2. Case Presentation

A 32-year-old woman was admitted to the ward with a two-month history of headaches, occasionally accompanied by nausea, vomiting, and vertigo. She had a chronic daily headache, starting in the morning and becoming worse in the upright position. The headaches manifested as a dull ache with moderate to severe intensity, which was constant during the day in the frontal and occipital regions bilaterally. Her headache got better when lying down. She also had a negative history of lumbar puncture, trauma, or manipulation. There was no fever, chills, dizziness, unsteady gait, blurred vision, diplopia, or photophobia. In her past medical history, previous headaches, Ehlers-Danlos, Marfan syndrome, polycystic kidney disease, and spontaneous retinal detachment were not detected; all these conditions are related to intra-cranial hypotension. In drug history, the use of oral contraceptive pills was positive, but she did not use any other drugs. On physical examination, her vital signs were normal, with blood pressure: 12080, pulse rate: 88/minutes, respiratory rate: 16/minutes, temperature: 37.2ºC orally. General physical examination indicated that the head, neck, abdomen, extremities, and skin were normal. In addition, in neurological examination, the patient was awake, obeyed requests, and was oriented to time, place, and person. Her speech was fluent, and all cranial nerves were intact. An ophthalmologic exam showed normal eye movement and reactive pupils, and normal fundoscopic exam was detected. In the motor system, there was no atrophy, and the muscle power was 5/5. The plantar reflex was bilaterally downward and deep tendon reflexes were all 2/2. Sensory and cerebellar tests were normal, and meningeal signs were absent. She had no family history of these diseases, nor any past history of any other diseases. She was a teacher and did not have any psychiatric disorders. The patient had normal complete blood count (CBC). Brain computed tomography (CT) and magnetic resonance venography (MRV) were normal. Brain MRI, with and without gadolinium, was performed; the MRI without gadolinium was completely normal, but in the MRI with gadolinium, meningeal enhancement was clearly seen (Figures 1 and 2).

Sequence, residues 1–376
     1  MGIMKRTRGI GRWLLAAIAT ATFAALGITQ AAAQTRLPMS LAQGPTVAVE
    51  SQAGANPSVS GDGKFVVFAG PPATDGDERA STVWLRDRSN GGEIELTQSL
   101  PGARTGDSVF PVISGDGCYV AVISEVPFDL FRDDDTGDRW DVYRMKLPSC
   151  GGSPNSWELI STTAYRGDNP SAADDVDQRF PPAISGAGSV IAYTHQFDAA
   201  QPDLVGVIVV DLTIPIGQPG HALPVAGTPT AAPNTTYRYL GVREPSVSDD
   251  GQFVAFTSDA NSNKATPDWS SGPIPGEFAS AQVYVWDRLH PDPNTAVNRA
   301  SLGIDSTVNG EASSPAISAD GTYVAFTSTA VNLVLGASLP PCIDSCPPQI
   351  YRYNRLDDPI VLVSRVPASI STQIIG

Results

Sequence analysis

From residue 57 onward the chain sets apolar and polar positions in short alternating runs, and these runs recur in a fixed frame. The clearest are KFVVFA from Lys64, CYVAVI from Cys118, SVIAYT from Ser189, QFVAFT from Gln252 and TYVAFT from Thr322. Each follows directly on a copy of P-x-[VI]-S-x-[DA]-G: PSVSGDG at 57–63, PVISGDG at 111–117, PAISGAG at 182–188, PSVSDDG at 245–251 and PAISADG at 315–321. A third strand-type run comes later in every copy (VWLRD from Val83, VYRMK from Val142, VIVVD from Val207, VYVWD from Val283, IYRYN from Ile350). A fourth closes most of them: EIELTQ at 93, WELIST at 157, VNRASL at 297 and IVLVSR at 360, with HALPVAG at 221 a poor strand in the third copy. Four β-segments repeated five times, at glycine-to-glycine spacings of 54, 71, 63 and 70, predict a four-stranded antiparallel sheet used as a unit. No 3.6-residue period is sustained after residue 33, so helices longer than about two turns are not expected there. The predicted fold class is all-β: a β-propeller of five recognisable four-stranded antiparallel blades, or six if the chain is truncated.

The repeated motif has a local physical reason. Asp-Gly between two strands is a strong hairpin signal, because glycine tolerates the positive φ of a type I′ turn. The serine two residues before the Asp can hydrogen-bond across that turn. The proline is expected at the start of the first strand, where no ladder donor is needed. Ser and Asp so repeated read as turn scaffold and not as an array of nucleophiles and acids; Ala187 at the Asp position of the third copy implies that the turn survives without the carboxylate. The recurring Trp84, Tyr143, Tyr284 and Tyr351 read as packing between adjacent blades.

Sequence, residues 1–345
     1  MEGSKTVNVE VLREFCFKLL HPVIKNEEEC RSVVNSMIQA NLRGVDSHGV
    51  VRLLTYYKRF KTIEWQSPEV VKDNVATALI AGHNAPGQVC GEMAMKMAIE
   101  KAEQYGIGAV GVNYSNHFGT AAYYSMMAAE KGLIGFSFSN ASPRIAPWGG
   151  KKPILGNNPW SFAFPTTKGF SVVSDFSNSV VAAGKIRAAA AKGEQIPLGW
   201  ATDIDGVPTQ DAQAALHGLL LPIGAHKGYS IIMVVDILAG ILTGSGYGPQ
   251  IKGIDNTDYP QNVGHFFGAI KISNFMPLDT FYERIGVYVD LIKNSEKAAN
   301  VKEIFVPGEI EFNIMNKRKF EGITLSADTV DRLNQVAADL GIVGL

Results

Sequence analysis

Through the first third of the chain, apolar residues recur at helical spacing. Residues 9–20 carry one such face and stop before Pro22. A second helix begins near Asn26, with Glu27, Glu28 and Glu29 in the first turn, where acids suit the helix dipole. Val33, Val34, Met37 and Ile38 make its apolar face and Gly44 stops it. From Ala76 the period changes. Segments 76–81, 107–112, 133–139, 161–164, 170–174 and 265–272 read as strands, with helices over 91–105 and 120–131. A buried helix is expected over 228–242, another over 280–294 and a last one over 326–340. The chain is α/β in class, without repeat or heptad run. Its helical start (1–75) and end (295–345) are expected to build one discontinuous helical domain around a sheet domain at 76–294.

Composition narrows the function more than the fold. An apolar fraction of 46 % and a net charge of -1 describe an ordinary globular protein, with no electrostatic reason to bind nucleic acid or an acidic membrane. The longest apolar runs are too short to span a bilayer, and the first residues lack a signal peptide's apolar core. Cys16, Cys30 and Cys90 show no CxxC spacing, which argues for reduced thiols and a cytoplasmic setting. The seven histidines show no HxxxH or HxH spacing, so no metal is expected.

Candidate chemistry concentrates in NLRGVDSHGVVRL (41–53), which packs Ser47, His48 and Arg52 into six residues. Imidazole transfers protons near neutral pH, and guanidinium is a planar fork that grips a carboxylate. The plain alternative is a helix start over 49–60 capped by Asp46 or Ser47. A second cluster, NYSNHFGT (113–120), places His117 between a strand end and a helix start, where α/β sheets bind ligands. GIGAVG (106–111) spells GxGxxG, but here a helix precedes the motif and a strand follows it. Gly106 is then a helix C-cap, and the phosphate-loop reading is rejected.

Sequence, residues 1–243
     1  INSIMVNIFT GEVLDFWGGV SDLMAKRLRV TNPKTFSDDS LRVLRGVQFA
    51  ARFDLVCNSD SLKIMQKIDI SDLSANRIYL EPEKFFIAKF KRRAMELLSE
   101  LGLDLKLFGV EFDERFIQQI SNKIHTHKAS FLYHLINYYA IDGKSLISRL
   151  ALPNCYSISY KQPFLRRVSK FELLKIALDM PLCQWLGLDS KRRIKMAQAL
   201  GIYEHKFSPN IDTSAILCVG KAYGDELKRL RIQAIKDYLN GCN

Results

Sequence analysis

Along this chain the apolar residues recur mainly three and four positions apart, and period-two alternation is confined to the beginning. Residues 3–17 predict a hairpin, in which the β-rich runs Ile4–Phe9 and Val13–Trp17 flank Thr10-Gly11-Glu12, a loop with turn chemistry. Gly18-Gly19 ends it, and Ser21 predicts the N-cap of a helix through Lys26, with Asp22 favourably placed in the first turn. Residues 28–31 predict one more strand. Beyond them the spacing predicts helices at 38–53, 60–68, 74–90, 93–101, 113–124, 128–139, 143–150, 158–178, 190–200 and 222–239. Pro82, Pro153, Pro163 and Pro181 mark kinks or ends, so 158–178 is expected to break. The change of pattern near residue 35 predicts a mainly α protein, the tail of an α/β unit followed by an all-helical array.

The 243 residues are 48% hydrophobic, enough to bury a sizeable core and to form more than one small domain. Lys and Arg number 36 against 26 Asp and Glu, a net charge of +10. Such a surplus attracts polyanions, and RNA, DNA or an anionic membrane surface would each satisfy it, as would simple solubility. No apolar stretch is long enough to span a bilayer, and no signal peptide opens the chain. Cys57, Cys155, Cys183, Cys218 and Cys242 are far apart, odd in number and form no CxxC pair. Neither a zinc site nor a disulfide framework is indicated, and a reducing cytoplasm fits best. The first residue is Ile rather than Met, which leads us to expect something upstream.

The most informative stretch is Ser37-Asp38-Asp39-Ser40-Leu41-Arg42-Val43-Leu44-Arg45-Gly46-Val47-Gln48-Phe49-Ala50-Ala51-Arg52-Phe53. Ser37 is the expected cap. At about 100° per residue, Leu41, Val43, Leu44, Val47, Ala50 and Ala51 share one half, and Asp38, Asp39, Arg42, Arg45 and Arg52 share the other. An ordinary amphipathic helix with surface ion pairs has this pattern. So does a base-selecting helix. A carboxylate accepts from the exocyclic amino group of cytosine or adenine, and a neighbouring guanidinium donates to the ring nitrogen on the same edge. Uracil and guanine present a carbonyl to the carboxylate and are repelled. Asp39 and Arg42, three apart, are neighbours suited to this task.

Brain MRI With Gadolinium - Meningeal Enhancement is Clearly Seen, Due to Intra-Cranial Hypotension
Figure 1. Brain MRI With Gadolinium - Meningeal Enhancement is Clearly Seen, Due to Intra-Cranial Hypotension
Brain MRI With Gadolinium - Meningeal Enhancement is Clearly Seen, Due to Intra-Cranial Hypotension
Figure 2. Brain MRI With Gadolinium - Meningeal Enhancement is Clearly Seen, Due to Intra-Cranial Hypotension

A lumbar puncture was conducted, revealing an opening pressure of 2 - 3 cm H2O with no leukocytes or erythrocytes, and with normal protein and glucose levels and regular lactate dehydrogenase (LDH) (Table 1). The lumbar puncture clearly worsened her positional headache. Her CT myelography from the cerebrum end to the spine revealed a normal condition, without any leakage of CSF or abnormality. Therefore, we tried to increase the intracranial pressure (ICP) of the patient with hydration, using dextrose water serum and a high caffeine diet, including drinking tea, and reducing daily activity. After two days, a significant improvement was seen in her headache.

Table 1. CSF Analysis of the Patient With Idiopathic Intracranial Hypotension
CSF Analysis
FL. Protein, mg51
FL. sugar42
Fluid total countNo cell count

3. Discussion